Many people can only think of words like "desolate" and "barren" when they imagine what a desert must look like. In reality, though, these arid places have more life within them than first meets the eye as you scan quickly across what first appears as empty wasteland.
Plant life in the Nevada desert consists of a significant number of organisms such as cactus, shrubs, trees and other plants. Amazingly enough, much of this plant life can do more than simply look pretty out in the sun. Only when a person understands all a little bit about the plant life within this part of the Mojave desert, and what it can do, will they recognize the true beauty of this sprawling region.
There are a variety of different types of shrubs that grow in the Nevada desert. Many of these shrubs, in fact, can be found all over the Mojave.
Creosote bush: This shrub extends all across the Mojave Desert and down into north-central Mexico. The shrub grows beautiful yellow flowers, and science can confirm that the creosote bush can live to be thousands of years old. Indigenous peoples have been using the bush for years to treat certain illnesses, but they’re also able to harvest a type of sealing wax from the bush.
California juniper: Though it obviously gets its name from The Golden State, California juniper is a mainstay in certain parts of the Nevada desert. This shrub provides food for wild horses, elk, deer and a variety of other animals. Juniper berries are also used to make a sweet tasting cake.
There are also numerous species of cactus in the Nevada desert. Their appearances vary wildly, and with certain plants, it might be hard to even identify them as cactus. Regardless, most of these beautiful plants have many properties outside of just pricking our fingers.
Viviparous Foxtail Cactus: Though it doesn’t do much in the line of additional uses, this foxtail cactus still makes up part of the ecosystem in the Nevada desert. It only grows to around six inches tall, but its magenta or pink flowers, which sprout midyear, are amongst the most beautiful in the region.
Barrel Cactus: The barrel cactus can actually change size, depending upon how much water the plant is holding. While a bitter but consumable fruit does grow on the cactus, the idea that water from the plant can be utilized is a dangerous one. In fact, the water in these plants is more likely to induce vomiting than hydrate a person.
It’s a bit hard to imagine trees out in the middle of the Nevada desert, but they’re sure there. Obviously, these trees may be different than those most people are accustomed to. Some even have the capability to give the gift of life to those lost in the desert.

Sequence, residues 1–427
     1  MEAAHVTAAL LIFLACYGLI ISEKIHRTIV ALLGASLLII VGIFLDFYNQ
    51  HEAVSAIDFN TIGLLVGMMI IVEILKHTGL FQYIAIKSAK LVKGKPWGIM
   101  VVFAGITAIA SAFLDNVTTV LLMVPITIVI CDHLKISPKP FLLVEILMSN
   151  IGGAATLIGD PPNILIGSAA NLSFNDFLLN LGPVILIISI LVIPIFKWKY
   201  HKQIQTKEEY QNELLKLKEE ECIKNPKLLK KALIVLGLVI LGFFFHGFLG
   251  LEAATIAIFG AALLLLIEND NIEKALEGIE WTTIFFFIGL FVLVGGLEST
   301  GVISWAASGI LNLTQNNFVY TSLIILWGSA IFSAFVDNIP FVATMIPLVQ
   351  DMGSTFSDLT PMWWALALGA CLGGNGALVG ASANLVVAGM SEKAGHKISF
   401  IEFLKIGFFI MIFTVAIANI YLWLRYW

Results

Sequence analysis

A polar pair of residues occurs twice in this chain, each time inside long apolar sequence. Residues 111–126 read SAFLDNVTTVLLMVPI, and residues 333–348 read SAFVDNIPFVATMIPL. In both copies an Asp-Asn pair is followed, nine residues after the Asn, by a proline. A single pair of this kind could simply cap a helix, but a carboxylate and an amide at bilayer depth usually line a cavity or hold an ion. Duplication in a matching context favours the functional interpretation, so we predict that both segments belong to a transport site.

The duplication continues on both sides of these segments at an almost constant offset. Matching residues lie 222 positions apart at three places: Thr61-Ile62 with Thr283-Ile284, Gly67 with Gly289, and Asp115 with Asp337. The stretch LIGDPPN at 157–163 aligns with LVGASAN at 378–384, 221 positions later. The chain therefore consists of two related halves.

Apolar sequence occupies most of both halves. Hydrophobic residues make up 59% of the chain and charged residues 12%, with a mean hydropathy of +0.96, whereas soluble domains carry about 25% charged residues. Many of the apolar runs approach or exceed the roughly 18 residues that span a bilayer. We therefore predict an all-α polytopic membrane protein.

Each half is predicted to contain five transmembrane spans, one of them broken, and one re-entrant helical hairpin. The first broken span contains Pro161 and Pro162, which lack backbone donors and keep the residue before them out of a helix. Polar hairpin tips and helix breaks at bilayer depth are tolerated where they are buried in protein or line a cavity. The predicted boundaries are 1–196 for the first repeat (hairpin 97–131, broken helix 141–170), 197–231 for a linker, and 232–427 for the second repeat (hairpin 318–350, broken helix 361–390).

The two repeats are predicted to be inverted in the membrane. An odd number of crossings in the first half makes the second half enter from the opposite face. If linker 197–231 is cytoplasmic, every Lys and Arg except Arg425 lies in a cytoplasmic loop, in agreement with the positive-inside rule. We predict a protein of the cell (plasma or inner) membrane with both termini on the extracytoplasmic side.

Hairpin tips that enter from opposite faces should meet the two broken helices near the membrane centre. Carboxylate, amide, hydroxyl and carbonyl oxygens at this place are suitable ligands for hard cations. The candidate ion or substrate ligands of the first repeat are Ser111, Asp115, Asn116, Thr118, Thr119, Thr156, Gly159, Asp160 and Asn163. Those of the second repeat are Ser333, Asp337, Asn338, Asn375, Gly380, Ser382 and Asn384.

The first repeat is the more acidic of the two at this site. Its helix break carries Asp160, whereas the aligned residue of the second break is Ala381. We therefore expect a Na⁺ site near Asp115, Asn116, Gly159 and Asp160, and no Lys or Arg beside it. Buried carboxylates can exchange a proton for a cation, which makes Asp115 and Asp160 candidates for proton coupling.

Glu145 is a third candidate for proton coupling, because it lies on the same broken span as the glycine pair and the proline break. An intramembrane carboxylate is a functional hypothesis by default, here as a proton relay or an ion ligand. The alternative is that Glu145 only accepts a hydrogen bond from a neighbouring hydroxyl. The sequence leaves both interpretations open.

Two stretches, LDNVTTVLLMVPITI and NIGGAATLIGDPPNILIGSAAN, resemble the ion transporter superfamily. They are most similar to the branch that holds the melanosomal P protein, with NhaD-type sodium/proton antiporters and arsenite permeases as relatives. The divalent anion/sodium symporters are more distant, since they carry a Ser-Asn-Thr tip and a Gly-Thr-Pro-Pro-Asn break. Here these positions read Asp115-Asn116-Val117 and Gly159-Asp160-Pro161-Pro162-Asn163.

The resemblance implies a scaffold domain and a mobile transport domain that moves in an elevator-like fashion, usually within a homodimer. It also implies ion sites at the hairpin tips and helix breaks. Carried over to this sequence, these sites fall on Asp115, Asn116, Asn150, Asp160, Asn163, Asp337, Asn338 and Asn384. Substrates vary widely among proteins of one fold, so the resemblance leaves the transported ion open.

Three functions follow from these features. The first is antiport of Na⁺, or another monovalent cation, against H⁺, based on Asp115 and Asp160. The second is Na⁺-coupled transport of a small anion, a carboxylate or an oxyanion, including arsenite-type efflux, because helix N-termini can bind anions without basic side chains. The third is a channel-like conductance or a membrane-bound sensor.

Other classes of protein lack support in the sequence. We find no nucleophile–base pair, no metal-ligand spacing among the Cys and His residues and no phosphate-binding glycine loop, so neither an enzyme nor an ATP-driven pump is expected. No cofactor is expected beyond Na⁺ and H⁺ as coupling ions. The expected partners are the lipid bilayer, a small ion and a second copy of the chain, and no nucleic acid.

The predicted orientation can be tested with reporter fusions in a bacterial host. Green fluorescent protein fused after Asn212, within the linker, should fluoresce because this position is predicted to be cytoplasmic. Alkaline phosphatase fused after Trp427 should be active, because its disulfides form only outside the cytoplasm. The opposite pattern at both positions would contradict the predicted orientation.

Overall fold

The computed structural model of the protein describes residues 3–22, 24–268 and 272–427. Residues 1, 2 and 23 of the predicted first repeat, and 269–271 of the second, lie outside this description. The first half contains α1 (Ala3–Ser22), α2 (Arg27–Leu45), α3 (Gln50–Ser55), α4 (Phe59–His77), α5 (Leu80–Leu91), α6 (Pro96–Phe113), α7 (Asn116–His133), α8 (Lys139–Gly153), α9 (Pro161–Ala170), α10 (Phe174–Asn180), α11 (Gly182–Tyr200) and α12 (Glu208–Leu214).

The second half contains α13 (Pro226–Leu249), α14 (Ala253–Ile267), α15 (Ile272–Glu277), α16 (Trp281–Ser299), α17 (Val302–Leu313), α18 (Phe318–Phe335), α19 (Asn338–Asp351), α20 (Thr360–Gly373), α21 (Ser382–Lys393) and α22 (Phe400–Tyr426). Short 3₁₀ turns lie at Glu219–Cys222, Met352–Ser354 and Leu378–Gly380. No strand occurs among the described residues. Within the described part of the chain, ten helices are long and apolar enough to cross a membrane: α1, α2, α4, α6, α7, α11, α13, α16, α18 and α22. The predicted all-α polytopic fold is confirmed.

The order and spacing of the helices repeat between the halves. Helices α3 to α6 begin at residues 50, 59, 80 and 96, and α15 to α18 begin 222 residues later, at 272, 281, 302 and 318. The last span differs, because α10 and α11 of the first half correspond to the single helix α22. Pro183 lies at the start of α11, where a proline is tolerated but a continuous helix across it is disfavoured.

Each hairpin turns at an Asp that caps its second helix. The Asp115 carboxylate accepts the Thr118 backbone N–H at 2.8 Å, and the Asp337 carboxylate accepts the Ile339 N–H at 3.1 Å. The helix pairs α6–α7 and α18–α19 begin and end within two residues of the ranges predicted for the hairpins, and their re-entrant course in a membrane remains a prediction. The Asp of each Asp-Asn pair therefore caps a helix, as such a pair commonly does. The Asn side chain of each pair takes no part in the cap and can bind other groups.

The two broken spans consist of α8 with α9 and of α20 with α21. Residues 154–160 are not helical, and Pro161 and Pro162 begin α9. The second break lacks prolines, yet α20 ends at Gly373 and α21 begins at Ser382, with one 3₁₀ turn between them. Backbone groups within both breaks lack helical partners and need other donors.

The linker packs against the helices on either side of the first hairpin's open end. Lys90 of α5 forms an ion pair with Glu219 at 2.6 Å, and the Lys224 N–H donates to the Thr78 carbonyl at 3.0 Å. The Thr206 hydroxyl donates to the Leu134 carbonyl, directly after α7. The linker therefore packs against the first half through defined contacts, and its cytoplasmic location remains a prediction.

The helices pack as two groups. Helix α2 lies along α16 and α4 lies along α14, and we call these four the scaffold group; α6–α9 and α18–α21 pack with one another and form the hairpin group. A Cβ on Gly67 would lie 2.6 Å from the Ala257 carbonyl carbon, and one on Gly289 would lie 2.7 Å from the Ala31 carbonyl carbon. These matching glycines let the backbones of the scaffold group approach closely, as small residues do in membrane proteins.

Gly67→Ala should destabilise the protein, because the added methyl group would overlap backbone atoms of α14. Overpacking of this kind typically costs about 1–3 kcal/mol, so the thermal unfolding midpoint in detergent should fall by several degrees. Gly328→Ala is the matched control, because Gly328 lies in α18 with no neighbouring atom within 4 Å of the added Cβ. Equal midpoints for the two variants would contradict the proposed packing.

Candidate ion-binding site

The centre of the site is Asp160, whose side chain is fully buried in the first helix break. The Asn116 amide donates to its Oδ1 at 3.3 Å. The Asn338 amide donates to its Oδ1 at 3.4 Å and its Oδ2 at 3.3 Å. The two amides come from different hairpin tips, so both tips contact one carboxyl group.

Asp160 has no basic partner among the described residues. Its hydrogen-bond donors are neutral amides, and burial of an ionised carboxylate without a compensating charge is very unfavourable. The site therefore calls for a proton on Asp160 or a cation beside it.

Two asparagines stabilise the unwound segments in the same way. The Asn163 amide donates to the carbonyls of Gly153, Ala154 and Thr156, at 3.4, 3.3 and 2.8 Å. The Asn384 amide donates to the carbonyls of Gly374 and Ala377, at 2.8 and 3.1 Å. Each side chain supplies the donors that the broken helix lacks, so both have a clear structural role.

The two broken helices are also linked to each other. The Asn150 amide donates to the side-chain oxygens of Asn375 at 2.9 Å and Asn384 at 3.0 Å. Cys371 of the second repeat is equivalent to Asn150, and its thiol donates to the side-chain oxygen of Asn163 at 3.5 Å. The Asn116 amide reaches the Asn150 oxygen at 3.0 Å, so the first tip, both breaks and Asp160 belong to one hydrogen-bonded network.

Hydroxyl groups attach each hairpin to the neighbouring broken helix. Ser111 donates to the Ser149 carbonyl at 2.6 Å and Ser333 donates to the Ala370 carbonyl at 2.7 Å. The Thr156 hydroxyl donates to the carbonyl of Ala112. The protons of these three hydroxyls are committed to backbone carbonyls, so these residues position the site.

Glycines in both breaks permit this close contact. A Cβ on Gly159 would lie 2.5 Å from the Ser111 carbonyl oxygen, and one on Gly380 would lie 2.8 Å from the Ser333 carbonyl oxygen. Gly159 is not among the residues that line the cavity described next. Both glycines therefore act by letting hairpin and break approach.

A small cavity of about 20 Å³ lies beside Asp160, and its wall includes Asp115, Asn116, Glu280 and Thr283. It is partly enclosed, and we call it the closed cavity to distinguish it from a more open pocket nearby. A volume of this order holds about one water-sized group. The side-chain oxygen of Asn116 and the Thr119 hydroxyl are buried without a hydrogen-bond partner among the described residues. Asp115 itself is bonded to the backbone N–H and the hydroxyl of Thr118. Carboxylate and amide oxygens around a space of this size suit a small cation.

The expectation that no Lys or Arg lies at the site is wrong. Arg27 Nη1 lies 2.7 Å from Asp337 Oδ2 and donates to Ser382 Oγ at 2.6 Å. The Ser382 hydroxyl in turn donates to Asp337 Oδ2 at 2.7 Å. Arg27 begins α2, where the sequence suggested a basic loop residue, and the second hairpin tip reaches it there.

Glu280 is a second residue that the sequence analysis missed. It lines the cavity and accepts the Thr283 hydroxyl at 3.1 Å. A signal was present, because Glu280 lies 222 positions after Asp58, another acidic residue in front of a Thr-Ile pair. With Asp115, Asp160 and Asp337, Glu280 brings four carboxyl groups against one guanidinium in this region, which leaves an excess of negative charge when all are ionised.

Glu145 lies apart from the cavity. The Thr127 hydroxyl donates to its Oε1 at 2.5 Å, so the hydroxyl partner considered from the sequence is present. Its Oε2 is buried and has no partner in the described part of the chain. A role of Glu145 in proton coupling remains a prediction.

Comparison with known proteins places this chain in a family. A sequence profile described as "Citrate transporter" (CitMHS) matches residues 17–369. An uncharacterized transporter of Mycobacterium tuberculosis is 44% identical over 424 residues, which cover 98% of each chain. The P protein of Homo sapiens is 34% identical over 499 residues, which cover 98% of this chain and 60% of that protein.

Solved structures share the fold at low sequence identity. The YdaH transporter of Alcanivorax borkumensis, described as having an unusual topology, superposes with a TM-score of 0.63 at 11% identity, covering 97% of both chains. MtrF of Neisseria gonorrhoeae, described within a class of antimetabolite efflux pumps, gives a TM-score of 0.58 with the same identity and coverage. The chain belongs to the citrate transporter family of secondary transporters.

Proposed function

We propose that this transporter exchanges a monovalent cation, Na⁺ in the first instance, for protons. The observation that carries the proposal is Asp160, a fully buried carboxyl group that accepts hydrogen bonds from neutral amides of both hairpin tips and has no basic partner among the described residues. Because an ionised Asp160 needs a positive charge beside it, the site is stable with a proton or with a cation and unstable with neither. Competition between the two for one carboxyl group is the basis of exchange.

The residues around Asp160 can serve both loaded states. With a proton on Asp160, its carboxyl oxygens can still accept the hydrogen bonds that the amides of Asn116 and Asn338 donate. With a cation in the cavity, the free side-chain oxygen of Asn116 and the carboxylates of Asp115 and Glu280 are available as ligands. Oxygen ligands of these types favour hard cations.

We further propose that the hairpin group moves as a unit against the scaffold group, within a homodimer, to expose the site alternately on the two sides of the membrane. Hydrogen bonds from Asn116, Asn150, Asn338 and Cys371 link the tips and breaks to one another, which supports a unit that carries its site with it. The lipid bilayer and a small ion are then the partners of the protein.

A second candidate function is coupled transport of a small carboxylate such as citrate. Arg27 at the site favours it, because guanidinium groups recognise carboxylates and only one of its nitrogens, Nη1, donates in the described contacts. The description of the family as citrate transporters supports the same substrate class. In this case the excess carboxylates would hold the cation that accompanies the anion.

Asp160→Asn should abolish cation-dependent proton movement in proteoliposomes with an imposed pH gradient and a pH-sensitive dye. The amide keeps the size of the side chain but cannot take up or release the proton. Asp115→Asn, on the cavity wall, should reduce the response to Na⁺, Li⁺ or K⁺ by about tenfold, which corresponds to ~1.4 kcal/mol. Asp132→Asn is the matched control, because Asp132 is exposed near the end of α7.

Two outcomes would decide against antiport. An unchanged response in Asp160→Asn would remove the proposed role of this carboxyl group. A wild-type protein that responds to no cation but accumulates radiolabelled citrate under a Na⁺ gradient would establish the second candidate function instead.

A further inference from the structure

California Fan Palm: This strong tree can grow up to 82 feet high, and dying parts of the tree create what looks like a skirt around its base. When lost in the desert, seeing one of these trees could mean the difference between impending death and life. They only grow where water is present, and this means they’re usually located in oases. Add this to the fact that this tree produces fruit, and Native Americans used its leaves to waterproof their shelters for centuries. This is undeniably one useful tree.
Joshua Tree: The Joshua tree is one of the most recognizable trees of the Nevada desert. Unfortunately, scientists believe these trees may dwindle to a fraction of their current population by the 22nd century. This is due to the fact that the Shasta ground sloth, now-extinct, was integral to its spread. This would change surrounding ecosystems, but Native Americans would also lose a resource that they have long used to create dishes and sandals.
It’s a little easier to understand that shrubs and trees grow in the Nevada desert. After all, they have to grow somewhere, right? People are more surprised, though, by the gorgeous wildflowers that can be found to prosper out in the arid atmosphere.
Apricot Mallow: This spring-blooming wildflower has an orange tint and can grow to be three feet tall. It’s a beautiful flower that also bears fruit. In fact, members of the Shoshone Native American tribe, which only numbers 5,000 people today, have used the wildflower for medical purposes on top of consuming it as food.
Mojave Poppy: The stark contrast created by this wildflower’s yellow petals has earned it the name "desert goldenpoppy." Other than beauty, the Mojave Poppy doesn’t have much use. They are interesting, though, in the fact that their seeds are spread by flooding due to their buoyancy.
While the aforementioned list is a pleasant representation of Nevada plant life, it is not even close to being all inclusive. The Nevada desert is home to some of the most beautiful and unique plant life in America. It just goes to show that the Vegas Strip isn’t the only thing in Nevada worth seeing. Article by Vegas Off Road Tours the best Las Vegas ATV tours company!